A mind-blowing *third day in a row* with the same patients.
One of them has the mother of all sinus infections, and is on some pretty strong antibiotics. Other than the infection, nothing's wrong with her.
In cases like these, we often set the patient up with a PICC line, which can stay in for up to a month or so (compared to 4 days for a regular IV line), so they can administer the strong antibiotics at home rather than being trapped in a hospital.
So she has signed the consent for the PICC but has a few questions. I re-explain what it is, and how they do it at the bedside (here is a great video of the insertion process) and that it's pretty quick and they numb you up, etc etc.
Judging by her reaction to the information, I'm not so sure they gave her all the information when getting consent. She said, "Maybe I don't want it after all."
And I'm thinking "How do I get her to understand and realize that it's not so bad after all?" and the little lightbulb goes off. One of my other patients has had a PICC for awhile now, and seems like a big fan of it.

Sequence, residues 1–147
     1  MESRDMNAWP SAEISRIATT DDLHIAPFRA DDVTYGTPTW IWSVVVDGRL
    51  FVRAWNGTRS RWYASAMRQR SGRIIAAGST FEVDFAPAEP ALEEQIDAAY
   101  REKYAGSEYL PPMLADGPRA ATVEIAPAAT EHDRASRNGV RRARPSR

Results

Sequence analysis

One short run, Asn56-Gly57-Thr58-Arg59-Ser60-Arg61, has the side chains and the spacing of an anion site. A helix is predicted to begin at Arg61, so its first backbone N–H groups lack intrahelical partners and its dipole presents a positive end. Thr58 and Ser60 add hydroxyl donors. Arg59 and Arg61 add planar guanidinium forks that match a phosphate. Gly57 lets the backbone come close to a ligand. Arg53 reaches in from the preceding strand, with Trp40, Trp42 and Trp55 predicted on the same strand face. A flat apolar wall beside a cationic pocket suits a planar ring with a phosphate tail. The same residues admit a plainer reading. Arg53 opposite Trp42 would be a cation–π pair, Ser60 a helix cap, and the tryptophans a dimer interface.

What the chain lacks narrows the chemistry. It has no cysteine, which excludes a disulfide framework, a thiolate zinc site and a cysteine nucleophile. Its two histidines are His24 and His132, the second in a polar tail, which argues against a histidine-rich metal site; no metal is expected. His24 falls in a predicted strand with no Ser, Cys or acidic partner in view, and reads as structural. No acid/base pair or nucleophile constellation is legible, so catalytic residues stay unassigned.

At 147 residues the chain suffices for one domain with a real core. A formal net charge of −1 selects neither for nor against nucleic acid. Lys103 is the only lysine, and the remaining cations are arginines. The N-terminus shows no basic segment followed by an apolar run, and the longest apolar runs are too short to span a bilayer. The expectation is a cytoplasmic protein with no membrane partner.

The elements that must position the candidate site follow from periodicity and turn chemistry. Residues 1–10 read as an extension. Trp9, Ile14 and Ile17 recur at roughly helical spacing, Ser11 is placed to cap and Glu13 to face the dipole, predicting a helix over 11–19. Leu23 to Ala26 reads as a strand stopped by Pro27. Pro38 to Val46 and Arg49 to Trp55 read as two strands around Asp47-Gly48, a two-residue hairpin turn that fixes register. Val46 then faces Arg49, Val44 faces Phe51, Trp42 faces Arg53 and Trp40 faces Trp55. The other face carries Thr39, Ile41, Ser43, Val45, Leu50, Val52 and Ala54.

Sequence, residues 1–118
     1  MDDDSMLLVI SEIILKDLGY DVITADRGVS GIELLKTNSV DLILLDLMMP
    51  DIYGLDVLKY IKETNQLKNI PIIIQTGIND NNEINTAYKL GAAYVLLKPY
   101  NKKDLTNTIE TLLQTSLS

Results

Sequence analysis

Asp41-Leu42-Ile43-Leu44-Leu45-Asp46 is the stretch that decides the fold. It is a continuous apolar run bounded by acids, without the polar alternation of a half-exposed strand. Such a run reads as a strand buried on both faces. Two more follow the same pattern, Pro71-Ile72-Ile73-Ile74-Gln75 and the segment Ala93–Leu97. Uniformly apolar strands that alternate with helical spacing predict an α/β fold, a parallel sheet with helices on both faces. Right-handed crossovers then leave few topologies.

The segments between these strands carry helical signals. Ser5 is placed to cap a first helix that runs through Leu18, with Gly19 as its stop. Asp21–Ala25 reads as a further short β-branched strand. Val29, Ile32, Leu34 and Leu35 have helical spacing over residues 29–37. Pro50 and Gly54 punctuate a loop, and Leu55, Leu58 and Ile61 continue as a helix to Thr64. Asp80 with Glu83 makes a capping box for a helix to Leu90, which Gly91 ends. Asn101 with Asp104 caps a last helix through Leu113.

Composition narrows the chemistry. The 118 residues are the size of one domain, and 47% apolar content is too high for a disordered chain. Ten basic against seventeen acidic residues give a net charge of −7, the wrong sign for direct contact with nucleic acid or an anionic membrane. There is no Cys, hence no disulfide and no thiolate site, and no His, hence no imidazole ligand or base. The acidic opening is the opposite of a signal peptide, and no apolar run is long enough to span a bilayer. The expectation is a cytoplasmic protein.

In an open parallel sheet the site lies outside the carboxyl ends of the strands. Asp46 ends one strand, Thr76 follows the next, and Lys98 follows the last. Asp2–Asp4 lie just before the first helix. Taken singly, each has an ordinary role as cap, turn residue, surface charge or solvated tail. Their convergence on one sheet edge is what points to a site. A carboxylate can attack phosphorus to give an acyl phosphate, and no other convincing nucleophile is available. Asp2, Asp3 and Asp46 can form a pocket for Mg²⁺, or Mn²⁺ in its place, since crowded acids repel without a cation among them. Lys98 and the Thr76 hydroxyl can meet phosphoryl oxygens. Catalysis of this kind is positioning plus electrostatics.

So I excuse myself briefly and ask pt 72 if she'd mind giving a testimonial to pt 50 and her family. She says yes, so I grab 50 and her friend/sister(?) and bring them across the hall.
72 explains that it's really fast, and once it's in you can't feel it at all, and you can move your arm just fine. And the best upside is that you don't need to get poked for lab draws; they just take it from the port.
Pt 50 appears very relieved, and pt 72 wishes her good luck. I usher 50 back to her room, and pat myself on the back for a job well done.